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Ruta Mave: Are MPs living up to their ‘honourable’ title?

Monday 19 February 2024 | Written by Ruta Tangiiau Mave | Published in Editorials, Opinion


Ruta Mave: Are MPs living up to their ‘honourable’ title?
Ruta Tangiiau Mave. Photo: CI NEWS

Oh, dear it seems we do have adulterers in our midst who hold high standing public office. Adultery is not against the law – you can’t be charged for it. But it is against God’s Seventh commandment law; so how many ‘hail Mary’s’ is the penance for breaking it? Ruta Mave writes.

Fiji has dismissed their education minister allegedly involved in a sex and drug scandal with another married member of parliament. (Editor’s note – The former Fijian education minister was dismissed for “insubordination and disobedience” after he ignored legal advice in terminating members of the Fiji National University council). The general secretary of the Alliance Party, the major party in the Fiji coalition government, declined to comment on the scandal but said that “All parliamentarians must remember that they are public officers paid for by the taxpayers, (their) salaries, and the extra privileges that come with the position they are filling. So, the public expect some decorum in the behaviour.”

This sounds reasonable, do we have the same or similar expectation of our parliamentarians?

When Mark Brown said “no one is above the law”, a letter writer Rajend Naidu commented “after reading the Fiji Times quoting Brown saying ‘No one is above the law; and our system of checks and balances has not been compromised - if you are found to be in breach of the law, you will be held to account’. Too right, this is as it should be. The people’s trust and confidence in proper governance can only be sustained when those in power and positions of responsibility in society are held to account for their transgressions. Other countries in the Pacific can draw from the Cook Islands PM’s principled and ethical stance.”

Four days later, a letter writer to Cook Islands News asks about complaints from two women against the Police Commissioner. In October 2023, PM Brown said “There is a due process that takes place in that complaint, and we will let that due process continue.” Earlier this month, 1News reported that the police commissioner was not available for comment, but his spokesperson said the matter had been in the hands of Cook Islands Prime Minister Mark Brown and had been dealt with. “I have full confidence in the police commissioner, and he’s doing a great job so far,” Brown told 1News.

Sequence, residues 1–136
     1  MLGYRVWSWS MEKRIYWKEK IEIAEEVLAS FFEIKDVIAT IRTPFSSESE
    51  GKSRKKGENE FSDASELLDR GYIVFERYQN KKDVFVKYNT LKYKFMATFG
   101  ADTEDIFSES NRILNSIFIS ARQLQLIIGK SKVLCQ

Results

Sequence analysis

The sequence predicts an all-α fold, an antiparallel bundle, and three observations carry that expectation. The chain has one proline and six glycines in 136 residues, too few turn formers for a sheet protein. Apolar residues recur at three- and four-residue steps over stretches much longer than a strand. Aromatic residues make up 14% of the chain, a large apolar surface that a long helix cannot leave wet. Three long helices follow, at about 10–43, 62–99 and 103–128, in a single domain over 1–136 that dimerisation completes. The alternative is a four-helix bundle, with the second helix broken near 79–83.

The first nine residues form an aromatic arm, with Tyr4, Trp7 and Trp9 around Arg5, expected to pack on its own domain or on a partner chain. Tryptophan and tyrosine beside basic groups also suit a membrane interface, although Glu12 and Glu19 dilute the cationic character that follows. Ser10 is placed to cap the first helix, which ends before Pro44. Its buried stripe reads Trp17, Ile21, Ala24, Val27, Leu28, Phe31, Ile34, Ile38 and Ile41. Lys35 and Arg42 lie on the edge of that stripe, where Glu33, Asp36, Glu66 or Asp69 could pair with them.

In just a matter of days, has PM Mark Brown gone from shining integrity declaring “no one is above the law” to suddenly sweeping all conversation of the Police Commissioner under his PM office carpet? It appears our checks and balances are now being compromised.

Other top government officials and public servants in the past have had similar complaints against them. However, it seems all transparency stops when it involves women complainants. Walls go up and decisions are dealt with behind closed doors.

Do we have a worthy moral government with principles and transparency that will make people being paid as a public representative, who wrongly abuse their positions of power, make them accountable by our judicial system?

Do we have a government with ‘honourable’ members of parliament who can with their hand on the Bible say they uphold the laws of man and God. And they act faithfully and loyally with decorum and do not entertain or practice adultery or misuse public funding?

I ask this because last year the independent transparency and corruption report for 2022 on the Cook Islands concluded that people are concerned about the current prevalence of corruption and the need for people to do ‘favours’ to get ahead on the islands.  

Twenty-nine (29) per cent of those surveyed said government corruption was a big problem with 43 per cent saying it had increased. Twenty (20) per cent said they had to pay a bribe, give a gift or do a favour in order to get the needed assistance or services. Of these 8 per cent said over the past five years officials had asked the respondent or someone they knew, for a sexual favour in exchange for government service.

The 2023 report ranks government corruption by members of parliament as number one the highest, followed closely by public servants, police and then notably at number five quite specifically – PM and their officials. These are results from within our own government workers, how then are we perceived by other countries?

While questions of corruption are in the news, this would be a good time for Mark Brown and his government to give the public their personal reassurance that they are not corrupt. To announce publicly they are morally and ethically principled and under the watchful eye of God and our community, declare they are faithful, respectable, law-abiding members of parliament, who serve the public while representing God and they fully deserve to be called ‘honourable’.

I wonder if anyone will.